Bandy was one of three sons born to a Southern Railway worker in Birmingham. Even as a boy, he preferred sewing, music, painting and movie magazines to sports and hunting. His family moved to Tennessee and he graduated from high school in Harriman. He returned to Birmingham and spent two years at Birmingham-Southern College before dropping out to model for department stores. He later earned a degree in education at Tennessee Polytechnic Institute in Cookeville. He taught English in Tennessee and Maryland, and painted portraits on the side. He married, but separated from his wife shortly after visiting New York City with her for the first time in 1965. He fell in love with the city, quit his job, and moved there to reinvent himself.
He changed his name and enrolled at Christine Valmy's makeup school. Within a few months, he was heading the salon there. He had plastic surgery and worked as a makeup teacher at a modeling school. In 1969 he was hired as makeup director for Charles of the Ritz, leaving that job in 1971 to head the make-up department for the Broadway production of "No, No, Nanette" before becoming an independent "face designer". He and fellow artist Maury Hopson made a splash by completely transforming Watergate whistle-blower Martha Beall Mitchell's face for a photo-session with frequent collaborator Francesco Scavullo. He authored a bestselling makeup manual entitled Designing Your Face, published in 1977, and followed by Styling Your Face in 1981.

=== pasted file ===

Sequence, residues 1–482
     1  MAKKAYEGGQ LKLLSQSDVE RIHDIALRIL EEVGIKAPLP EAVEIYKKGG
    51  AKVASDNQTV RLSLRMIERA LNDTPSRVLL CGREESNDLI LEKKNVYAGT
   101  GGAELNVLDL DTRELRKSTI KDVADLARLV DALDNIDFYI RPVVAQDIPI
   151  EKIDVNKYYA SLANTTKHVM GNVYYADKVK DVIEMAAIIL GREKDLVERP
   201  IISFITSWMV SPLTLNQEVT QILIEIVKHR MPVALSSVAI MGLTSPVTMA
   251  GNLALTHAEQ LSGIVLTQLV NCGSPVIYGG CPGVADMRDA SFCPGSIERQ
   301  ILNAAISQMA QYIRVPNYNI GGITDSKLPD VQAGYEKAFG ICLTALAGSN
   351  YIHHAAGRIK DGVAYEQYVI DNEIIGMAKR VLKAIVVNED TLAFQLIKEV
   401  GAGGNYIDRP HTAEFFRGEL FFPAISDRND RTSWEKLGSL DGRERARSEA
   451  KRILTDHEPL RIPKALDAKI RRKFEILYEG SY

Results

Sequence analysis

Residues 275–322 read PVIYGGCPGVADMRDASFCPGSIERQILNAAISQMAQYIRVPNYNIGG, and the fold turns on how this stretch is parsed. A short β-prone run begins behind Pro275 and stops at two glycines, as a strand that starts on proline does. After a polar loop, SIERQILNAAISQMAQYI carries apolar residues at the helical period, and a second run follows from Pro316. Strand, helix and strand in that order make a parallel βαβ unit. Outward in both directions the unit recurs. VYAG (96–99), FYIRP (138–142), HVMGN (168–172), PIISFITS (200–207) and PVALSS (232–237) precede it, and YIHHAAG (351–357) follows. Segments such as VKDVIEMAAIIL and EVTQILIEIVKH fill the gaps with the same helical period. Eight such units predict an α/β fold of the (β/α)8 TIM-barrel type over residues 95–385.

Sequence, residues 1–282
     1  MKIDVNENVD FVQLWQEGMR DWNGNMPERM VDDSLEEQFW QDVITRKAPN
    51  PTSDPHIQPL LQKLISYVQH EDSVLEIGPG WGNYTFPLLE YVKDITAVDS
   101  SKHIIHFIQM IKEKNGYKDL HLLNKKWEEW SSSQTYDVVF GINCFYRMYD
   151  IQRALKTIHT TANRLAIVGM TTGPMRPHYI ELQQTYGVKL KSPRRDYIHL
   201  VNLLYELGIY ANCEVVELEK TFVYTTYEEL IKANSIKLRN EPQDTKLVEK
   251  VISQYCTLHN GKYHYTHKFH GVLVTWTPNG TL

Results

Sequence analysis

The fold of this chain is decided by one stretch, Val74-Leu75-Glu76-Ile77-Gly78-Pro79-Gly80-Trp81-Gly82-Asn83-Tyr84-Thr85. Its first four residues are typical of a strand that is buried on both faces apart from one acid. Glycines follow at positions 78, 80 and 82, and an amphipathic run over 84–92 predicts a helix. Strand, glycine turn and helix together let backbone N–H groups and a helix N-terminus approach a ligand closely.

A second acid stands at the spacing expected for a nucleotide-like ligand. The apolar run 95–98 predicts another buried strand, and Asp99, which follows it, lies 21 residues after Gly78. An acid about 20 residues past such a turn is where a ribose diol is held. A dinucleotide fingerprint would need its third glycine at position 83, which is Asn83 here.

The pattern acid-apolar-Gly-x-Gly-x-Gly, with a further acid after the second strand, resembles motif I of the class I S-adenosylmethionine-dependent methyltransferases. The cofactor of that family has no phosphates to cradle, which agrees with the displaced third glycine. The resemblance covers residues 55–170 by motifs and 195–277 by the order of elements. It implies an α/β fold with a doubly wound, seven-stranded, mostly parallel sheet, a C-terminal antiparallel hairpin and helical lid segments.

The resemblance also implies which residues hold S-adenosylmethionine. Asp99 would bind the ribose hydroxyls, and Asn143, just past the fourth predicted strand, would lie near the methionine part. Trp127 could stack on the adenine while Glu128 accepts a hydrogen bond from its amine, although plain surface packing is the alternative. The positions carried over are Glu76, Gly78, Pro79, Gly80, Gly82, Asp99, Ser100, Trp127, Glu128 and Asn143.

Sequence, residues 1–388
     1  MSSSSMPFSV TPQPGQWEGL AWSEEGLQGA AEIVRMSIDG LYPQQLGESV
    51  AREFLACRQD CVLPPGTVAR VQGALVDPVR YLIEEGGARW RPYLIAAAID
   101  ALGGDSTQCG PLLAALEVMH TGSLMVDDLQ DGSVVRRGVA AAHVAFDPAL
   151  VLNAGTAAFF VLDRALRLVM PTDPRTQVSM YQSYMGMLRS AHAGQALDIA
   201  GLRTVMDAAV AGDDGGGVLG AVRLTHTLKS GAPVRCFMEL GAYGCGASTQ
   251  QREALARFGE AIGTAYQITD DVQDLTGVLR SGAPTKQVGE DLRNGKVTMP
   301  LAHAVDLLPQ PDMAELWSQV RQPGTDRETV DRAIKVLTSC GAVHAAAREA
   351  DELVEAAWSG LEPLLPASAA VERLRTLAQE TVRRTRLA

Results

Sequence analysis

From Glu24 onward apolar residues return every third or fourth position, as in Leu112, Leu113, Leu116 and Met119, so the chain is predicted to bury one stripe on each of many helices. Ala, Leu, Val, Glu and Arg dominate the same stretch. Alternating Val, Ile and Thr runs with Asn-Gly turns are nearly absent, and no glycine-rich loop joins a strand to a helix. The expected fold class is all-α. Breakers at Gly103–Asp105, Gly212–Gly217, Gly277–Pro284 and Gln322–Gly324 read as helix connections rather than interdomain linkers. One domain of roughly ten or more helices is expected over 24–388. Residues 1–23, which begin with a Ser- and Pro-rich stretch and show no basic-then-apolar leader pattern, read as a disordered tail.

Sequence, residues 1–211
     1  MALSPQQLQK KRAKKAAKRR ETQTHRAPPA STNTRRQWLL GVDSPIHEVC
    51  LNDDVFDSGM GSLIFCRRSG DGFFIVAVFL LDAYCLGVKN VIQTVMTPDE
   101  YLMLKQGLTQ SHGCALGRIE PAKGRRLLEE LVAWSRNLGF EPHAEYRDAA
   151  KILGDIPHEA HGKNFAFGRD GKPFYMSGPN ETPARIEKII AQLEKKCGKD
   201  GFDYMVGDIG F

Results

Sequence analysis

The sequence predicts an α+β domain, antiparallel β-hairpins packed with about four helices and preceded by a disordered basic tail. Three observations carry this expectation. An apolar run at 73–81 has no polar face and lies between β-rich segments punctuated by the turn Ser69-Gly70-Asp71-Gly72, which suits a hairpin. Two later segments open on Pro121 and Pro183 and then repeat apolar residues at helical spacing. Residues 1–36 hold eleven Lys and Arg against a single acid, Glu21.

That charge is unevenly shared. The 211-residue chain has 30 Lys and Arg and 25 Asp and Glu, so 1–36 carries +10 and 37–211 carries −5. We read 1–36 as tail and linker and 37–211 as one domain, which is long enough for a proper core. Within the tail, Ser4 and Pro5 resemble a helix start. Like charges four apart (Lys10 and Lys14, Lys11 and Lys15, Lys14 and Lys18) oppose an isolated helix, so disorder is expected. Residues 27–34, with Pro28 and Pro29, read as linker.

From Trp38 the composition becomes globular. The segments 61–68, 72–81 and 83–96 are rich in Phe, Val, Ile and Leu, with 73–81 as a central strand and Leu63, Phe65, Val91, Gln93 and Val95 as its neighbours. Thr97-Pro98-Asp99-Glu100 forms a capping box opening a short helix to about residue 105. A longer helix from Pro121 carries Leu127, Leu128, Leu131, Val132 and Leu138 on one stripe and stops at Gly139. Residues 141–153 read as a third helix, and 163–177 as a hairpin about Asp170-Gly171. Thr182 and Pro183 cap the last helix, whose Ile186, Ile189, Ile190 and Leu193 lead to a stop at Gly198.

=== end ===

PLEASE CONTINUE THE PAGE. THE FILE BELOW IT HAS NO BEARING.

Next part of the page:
Considered the "greatest makeup artist in the world" by Vogue fashion editor Polly Allen Mellen, Bandy was in high demand and worked with hundreds of celebrities, including Elizabeth Taylor, Raquel Welch, Catherine Deneuve, Lauren Hutton, Farrah Fawcett, Barbra Streisand, Gloria Vanderbilt, Lee Radziwill, Cher, Sigourney Weaver, Nancy Reagan and Cheryl Tiegs. He worked closely with photographers such as Scavullo, Richard Avedon, Irving Penn, Helmut Newton, Horst, Hiro and Victor Skrebneski. He also appeared as himself in Margeaux Hemingway's Lipstick.
In the early 1980s, Bandy contracted AIDS from his partner, writer and antique dealer Michael Gardine. He hid his illness as best he could, shunning doctors in favor of naturopathic treatments. Gardine died in 1985. When Bandy showed up for an August 1986 photo shoot with Scavullo, he was too ill to work and his agent convinced him to check into Cornell Medical Center. He died there a week later of AIDS-related pneumonia.
His ashes were scattered near Gardine's in a forest near their vacation home in Key West, Florida. At Bandy's request, his cause of death was identified as AIDS in his published obituary, which was then uncommon. He has been credited with helping bring the issue to wider attention through that gesture.
- Rowes, Barbara (May 1, 1978) "If It Launched a Thousand Ships, the Face Was Probably Done by Makeup Genius Way Bandy" People. Vol. 9, No. 17
- Polman, Dick (November 15, 1986) "Remembering Way Bandy: Friends recall the makeup artist, who died of AIDS." Philadelphia Inquirer